Yosemite High Country

Crossing the Tuolomne River by webmink
Crossing the Tuolomne River, a photo by webmink on Flickr.

If you’re heading to Yosemite National Park this summer, don’t forget to visit the high country. There’s year-round tundra in Tuolomne Meadows, wonderful walks along the Tuolomne River, fewer visitors, more granite domes and the opportunity to skip across Tioga Pass to visit Mono Lake and maybe even Bodie ghost town.

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About Simon Phipps

Grizzled geek with eclectic tastes. Fanatical about freedoms, manic about music, radical regarding religion, particular about politics.

4 responses to “Yosemite High Country”

  1. Jean says :

    Your many photos of California’s beautiful places are rapidly convincing me to find someone there to drive me around to some of them during my visit to the Bay Area this summer.

    • Simon Phipps says :

      If you need a route planned, let me know. I spent many away-from-home weekends touring California’s parks…

      • Jean says :

        Oh, thank you, that would be great. It’s been nearly 40 years since I lived and travelled in the area. You keep posting photos of so many of my favourite places, but I’ve long since lost track of where they are in relation to each other. Real soon I will pull up a map and at least partially remedy that problem.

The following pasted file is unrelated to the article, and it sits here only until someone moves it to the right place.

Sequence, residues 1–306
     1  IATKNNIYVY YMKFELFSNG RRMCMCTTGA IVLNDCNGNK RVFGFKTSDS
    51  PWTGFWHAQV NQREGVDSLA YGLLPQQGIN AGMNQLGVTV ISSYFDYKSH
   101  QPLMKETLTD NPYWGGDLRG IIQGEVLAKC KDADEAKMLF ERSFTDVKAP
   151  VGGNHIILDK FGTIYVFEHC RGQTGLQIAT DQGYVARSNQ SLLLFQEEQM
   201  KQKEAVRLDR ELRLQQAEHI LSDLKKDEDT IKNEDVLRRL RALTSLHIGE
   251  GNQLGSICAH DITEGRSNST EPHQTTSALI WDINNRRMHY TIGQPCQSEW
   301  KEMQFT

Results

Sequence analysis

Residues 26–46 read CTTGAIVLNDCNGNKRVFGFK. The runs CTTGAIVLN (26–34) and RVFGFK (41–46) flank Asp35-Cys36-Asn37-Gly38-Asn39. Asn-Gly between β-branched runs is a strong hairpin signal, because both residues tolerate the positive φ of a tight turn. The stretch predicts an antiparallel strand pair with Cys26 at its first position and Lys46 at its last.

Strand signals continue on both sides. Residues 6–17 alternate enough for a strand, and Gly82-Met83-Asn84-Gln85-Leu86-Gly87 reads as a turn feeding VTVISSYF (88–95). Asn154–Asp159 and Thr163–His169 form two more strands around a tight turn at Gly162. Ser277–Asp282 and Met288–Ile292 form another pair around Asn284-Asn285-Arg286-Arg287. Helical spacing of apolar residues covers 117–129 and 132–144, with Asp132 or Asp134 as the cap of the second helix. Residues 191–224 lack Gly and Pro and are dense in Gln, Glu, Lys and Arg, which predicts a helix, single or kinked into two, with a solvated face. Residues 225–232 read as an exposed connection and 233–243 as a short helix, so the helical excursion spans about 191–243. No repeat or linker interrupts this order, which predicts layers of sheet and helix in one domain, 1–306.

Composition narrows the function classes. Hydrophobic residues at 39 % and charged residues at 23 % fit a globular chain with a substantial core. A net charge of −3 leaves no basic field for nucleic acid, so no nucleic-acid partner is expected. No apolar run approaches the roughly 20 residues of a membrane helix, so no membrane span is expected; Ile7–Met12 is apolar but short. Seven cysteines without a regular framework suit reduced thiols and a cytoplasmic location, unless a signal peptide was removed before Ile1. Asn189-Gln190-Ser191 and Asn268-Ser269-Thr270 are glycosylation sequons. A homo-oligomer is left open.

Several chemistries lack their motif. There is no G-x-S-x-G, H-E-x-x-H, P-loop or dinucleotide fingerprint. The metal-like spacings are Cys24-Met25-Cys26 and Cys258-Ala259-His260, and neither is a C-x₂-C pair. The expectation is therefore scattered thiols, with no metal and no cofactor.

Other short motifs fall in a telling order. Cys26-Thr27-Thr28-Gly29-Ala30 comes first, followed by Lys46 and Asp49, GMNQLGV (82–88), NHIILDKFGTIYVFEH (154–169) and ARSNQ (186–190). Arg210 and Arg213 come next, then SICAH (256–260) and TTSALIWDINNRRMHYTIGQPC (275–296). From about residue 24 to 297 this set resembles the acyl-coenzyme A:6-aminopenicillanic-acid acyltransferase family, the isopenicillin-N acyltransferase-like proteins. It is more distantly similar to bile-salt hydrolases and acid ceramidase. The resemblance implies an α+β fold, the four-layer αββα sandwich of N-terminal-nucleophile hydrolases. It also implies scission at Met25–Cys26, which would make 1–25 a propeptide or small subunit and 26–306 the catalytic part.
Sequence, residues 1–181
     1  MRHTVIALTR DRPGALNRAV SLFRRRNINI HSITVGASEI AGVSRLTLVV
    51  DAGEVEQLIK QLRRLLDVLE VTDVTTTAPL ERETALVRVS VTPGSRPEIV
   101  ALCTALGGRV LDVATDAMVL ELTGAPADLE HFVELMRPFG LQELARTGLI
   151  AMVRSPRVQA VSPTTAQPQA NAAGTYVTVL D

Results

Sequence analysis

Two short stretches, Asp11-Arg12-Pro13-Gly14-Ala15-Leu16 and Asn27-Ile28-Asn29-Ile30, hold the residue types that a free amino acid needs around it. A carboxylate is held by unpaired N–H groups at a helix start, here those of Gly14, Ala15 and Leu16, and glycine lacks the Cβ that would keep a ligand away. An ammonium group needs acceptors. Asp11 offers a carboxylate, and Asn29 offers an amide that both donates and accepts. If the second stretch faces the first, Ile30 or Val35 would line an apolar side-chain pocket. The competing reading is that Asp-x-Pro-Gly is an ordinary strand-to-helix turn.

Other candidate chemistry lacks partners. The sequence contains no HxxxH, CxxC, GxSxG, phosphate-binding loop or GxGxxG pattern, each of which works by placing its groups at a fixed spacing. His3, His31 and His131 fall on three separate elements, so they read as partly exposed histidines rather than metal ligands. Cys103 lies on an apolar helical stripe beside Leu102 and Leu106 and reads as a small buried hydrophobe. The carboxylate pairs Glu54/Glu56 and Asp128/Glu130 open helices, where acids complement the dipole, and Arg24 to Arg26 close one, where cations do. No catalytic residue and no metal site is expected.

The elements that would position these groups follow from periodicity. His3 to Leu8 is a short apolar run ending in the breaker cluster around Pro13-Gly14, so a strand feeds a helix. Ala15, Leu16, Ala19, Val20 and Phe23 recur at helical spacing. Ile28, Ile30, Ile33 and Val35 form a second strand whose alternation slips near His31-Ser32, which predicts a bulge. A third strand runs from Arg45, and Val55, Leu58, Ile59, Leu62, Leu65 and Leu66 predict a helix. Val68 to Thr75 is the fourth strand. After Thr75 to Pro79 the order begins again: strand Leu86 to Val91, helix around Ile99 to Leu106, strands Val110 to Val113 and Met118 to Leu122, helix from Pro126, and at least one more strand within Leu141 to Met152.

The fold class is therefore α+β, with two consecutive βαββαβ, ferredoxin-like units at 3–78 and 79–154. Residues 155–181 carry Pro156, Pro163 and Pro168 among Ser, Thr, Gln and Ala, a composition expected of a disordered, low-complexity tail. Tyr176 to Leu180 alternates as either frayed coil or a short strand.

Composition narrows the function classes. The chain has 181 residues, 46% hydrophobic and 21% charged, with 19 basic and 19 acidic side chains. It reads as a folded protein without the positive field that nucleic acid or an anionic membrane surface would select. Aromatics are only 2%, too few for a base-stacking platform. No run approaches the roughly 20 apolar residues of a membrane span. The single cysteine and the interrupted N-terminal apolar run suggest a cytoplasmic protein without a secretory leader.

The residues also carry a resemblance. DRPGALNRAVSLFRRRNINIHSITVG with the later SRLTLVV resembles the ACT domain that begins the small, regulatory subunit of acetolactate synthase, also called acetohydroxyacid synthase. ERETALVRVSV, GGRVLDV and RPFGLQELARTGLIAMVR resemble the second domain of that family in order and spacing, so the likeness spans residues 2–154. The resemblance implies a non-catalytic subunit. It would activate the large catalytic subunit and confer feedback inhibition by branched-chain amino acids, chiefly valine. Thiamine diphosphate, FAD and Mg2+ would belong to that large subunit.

• Simon Phipps says :

        There’s plenty to choose from.

        • I tend to go to Yosemite through Mariposa, and we’ve often stayed at El Portal (the accommodation in the park will be full for the season by now unless you want to camp). I walk the valley floor in the park, go to Glacier Point for Sunset, walk around Olmstead Point and in Tuolomne Meadows, go through to Mono Lake, have been to Bodie and Bishop.
        • I enjoy a trip to Big Sur, eating at Nepenthe, staying at Big Sur Lodge in the state park if I can get a room, stopping to scramble on the beach for jade pieces at Jade Cove before carrying on to Hurst Castle (staying at one of the ugly-but-cheap motels in Cambria) and then ending up in San Luis Obispo.
        • I love the area around Mount Shasta for walks and butterflies and views, and go on from there to Redwoods National Park or even to Crater Lake.
        • Lassen Volcanic National Park is less visited (so less serviced by facilities). It’s probably too late to get in at Drakesbad Guest Ranch now. You can include it in a long loop through Trinity National Forest and over to Eureka through Weaverville. You can drive back down US-1 from there and get civilised again at Mendocino before taking in the bleak beauty of Point Reyes.

        Those are all long itineraries; I enjoyed all of them!

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